Well, it’s Thanksgiving week and I’m working toward getting my pies made.  In my family, Turkey Day dinner isn’t complete without pumpkin pies and Shoo-fly pies, and this year my oldest daughter and her husband are hosting the celebration and it’s my job to bring the pies.  My best friend had given me a pumpkin when I had her and her sisters over to dinner one night; this was a picture-perfect pumpkin that has graced my dining room sideboard all fall.   Today, I decided it was time to get it cooked up and to roast the seeds.  The seeds are fresh out of the oven with the aroma of freshly popped corn and the pumpkin chunks have now boiled into a nice mush, which I will cool and bake into pies in a few days.   There will probably enough to freeze for more pies at Christmas-time.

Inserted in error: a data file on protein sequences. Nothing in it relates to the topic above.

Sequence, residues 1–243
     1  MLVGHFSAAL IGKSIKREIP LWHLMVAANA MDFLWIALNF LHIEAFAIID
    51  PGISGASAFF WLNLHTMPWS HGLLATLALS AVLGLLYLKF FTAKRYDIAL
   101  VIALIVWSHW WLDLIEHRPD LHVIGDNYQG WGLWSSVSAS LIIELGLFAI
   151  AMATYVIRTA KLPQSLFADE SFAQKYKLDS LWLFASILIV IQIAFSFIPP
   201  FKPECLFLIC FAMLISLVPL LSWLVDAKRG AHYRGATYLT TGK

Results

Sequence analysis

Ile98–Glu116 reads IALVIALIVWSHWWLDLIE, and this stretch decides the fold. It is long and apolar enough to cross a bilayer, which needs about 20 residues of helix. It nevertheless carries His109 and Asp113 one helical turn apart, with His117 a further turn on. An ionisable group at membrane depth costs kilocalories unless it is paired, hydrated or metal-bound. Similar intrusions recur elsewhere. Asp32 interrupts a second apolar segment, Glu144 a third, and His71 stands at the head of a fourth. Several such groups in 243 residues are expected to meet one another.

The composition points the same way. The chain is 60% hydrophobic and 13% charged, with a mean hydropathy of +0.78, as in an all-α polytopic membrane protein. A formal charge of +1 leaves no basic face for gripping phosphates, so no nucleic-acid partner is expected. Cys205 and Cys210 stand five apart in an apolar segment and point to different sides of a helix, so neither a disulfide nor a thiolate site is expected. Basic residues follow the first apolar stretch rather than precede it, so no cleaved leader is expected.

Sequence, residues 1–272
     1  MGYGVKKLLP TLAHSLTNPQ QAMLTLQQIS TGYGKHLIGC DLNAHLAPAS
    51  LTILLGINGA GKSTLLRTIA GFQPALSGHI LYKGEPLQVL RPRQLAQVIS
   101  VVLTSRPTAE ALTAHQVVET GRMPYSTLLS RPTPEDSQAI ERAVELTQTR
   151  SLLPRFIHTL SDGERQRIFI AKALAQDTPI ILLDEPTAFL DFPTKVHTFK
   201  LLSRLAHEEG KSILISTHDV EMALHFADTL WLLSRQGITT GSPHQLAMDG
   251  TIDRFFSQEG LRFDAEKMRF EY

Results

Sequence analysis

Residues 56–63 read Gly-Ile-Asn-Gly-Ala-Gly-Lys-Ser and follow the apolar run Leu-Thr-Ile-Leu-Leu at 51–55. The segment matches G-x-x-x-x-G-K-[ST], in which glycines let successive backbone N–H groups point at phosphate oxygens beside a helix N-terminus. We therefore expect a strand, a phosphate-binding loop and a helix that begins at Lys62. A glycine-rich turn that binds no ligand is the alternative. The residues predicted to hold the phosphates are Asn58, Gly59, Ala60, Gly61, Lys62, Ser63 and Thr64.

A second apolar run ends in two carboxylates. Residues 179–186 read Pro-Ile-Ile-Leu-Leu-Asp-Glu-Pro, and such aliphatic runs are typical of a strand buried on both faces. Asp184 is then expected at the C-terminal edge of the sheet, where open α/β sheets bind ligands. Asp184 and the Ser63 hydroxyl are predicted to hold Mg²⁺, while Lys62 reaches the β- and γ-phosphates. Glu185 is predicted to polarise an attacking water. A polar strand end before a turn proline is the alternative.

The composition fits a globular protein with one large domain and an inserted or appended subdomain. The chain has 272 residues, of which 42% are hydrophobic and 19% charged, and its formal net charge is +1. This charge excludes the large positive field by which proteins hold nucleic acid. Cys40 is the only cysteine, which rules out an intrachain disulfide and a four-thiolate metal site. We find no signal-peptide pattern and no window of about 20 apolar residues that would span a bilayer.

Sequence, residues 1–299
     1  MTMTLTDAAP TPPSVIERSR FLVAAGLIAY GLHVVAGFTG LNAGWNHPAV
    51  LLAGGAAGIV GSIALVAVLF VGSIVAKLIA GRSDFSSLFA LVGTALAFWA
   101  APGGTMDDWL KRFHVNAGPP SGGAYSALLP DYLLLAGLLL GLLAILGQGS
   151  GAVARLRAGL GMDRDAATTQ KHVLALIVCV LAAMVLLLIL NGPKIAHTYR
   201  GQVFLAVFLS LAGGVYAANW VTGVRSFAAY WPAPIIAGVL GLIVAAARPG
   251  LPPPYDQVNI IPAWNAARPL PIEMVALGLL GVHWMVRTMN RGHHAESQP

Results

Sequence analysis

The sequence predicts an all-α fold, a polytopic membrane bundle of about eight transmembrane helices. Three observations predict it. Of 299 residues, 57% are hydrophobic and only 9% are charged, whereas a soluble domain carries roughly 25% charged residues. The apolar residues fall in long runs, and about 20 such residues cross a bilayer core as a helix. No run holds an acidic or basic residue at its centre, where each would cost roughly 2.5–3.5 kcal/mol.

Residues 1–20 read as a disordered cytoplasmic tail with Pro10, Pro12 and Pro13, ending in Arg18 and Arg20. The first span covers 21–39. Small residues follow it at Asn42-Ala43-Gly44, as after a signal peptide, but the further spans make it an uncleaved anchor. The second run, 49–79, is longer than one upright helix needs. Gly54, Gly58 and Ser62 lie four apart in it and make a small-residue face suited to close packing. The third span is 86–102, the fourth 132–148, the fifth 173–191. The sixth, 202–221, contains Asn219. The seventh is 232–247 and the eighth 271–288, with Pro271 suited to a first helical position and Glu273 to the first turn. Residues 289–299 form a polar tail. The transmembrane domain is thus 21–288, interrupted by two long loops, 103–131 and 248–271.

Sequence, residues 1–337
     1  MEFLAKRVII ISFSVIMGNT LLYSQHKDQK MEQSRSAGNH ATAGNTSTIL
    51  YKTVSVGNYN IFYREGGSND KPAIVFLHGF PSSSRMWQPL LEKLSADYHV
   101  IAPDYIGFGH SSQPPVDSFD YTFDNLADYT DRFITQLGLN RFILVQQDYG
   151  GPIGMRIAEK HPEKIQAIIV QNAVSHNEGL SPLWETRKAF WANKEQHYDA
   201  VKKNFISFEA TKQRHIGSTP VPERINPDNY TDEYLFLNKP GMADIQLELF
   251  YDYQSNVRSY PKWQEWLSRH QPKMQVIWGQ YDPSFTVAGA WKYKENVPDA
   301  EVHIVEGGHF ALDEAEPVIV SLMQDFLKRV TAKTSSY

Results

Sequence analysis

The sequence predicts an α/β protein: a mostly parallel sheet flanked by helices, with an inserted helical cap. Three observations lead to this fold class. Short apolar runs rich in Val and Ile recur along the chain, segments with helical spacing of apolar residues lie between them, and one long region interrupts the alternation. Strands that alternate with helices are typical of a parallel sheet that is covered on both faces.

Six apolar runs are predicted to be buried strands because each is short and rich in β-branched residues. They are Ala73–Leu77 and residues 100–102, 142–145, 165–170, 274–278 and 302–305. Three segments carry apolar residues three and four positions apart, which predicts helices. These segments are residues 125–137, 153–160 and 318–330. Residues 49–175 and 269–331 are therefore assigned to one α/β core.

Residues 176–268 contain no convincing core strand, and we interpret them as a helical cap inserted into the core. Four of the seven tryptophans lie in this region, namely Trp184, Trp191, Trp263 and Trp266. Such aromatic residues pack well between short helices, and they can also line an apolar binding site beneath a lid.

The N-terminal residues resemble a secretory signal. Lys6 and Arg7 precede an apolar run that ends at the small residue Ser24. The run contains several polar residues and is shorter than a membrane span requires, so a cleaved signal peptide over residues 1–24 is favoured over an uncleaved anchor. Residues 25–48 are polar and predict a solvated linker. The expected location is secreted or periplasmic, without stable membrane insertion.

I really enjoy doing things the old-fashioned way.  I don’t mind the extra work it entails; I would have been very happy to have been born 100 years ago, before the modern gadgets and convenience foods came on the scene.  Come to think of it, I’ve already been there.  When I was first married, we lived in an eleven-room sea captain’s house that had been boarded up for 30 years and had last been up-dated in 1926.  We know it was 1926, because the building inspector’s 3×5 index cards with the information carefully typed on them and his signature on each one, were still thumb-tacked in various places around the house.  The house was still heated by wood stove, which also provided our hot water, except during the summer, when we made our own solar hot water.  We had goats, chickens, bees, fruit trees, vines and bushes and huge gardens, so we produced most of our own food.  We did a mass food order twice a year to buy sides of beef, 200 pounds of flour (I baked all our bread), cases of toilet paper and all the other stuff that we couldn’t make ourselves.  It was  happy, healthy, lifestyle and I still miss it.   Every fall we’d be awash in food; we had several chest freezers and they’d been jam-packed full, with the veggies, frozen fruit, and meat; there’d be dry  goods in the pantry, potatoes and carrots in the root cellar and the cool attic room full of squash and pumpkins.  We’d pull food from the freezers and gradually, as they emptied, combine contents so that we could shut off the empty freezers and keep the ones still running, full.  By the time next year’s garden was producing, we’d be down to one freezer and the pickings would be rather slim as it would contain all the stuff we liked the least, having eaten our favorites long ago, and the attics and root cellar would be just about cleaned out; but at least we knew we could look forward to juicy tomatoes, mouth-watering butter & sugar corn on the cob, crisp snow peas and other fresh veggies, soon.